I am so so far behind getting my transcripts of podcasts up here that it’s not funny. But this was one of the most recent and one of the most fun that I’ve ever done. It was a discussion with Shannon Brownlee. author of Overtreated, of which everyone in America should be forced to read at least the Cliff Notes version. (Warning, it’s long and the two of us had far too much fun talking with each other….)
Matthew Holt: It’s Matthew Holt with the Health Care Blog, and I’m back with yet another podcast. This time I’m talking with Shannon Brownlee. Shannon is a senior fellow at the New America Foundation and, more importantly, has just written a great book called "Overtreated: Why Too Much Medicine is Making Us Sicker and Poorer." Shannon, first of all, thanks for coming on The Health Care Blog. I’m really excited to have you here.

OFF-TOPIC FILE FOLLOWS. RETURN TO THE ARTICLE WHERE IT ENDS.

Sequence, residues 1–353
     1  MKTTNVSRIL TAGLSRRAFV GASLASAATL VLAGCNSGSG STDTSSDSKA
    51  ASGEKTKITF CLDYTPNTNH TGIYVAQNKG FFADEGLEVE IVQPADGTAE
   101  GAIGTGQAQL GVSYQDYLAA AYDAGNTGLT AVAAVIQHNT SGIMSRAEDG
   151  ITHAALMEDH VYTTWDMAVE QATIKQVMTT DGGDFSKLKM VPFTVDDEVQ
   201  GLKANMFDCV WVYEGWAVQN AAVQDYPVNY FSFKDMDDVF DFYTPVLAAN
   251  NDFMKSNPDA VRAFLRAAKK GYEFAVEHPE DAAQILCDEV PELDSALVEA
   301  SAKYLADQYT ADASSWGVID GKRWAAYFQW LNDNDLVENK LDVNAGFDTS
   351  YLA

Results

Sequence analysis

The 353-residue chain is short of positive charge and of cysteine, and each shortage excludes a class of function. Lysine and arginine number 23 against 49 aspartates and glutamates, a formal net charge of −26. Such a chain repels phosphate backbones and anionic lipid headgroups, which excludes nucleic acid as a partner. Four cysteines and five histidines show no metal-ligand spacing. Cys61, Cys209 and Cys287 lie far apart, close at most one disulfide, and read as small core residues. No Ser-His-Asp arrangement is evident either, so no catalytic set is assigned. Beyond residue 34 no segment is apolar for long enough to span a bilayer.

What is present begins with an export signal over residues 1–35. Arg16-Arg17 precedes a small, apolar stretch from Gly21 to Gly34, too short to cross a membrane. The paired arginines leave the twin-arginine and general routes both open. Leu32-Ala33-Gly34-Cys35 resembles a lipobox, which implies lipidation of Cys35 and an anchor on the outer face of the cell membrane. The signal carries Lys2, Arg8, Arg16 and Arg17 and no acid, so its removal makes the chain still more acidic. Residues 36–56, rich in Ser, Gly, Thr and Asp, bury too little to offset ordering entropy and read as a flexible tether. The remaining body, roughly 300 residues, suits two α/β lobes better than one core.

Shannon Brownlee: Oh, I’m delighted to be with you.
Matthew: My feeling about reading this book is that I thought I knew all this stuff. I’m sure in the last 15 years of hanging out in healthcare, I know all the Wennberg stuff, and I’ve known all this and I’ve known all that. I pretty well read all the studies. I’ve got to confess that when I read the first chapter, and you can introduce the first chapter in a little bit, it’s kind of like a homage to Jack Wennberg. You went and hung out at Dartmouth and it’s kind of almost like a folksy introduction to his character.
And I guess I started reading this and going, yeah, but is this is a serious way to treat a health policy issue. So why did you go about starting in that fashion?
Shannon: I started it that way because I found Jack Wennberg to be one of the most interesting people I’ve ever met, and the fact that he kept plugging away at this idea that started, oh gosh, almost 40 years ago, now 40 years ago, that he saw this enormous variation in practice patterns in the state of Vermont, and sort of puzzled over it and puzzled over it and puzzled over it. And then he finally started to say, "Yeah, this is real, there’s a variation in practice patterns. It’s not driven by how sick patients are. It’s driven by what the doctors are doing."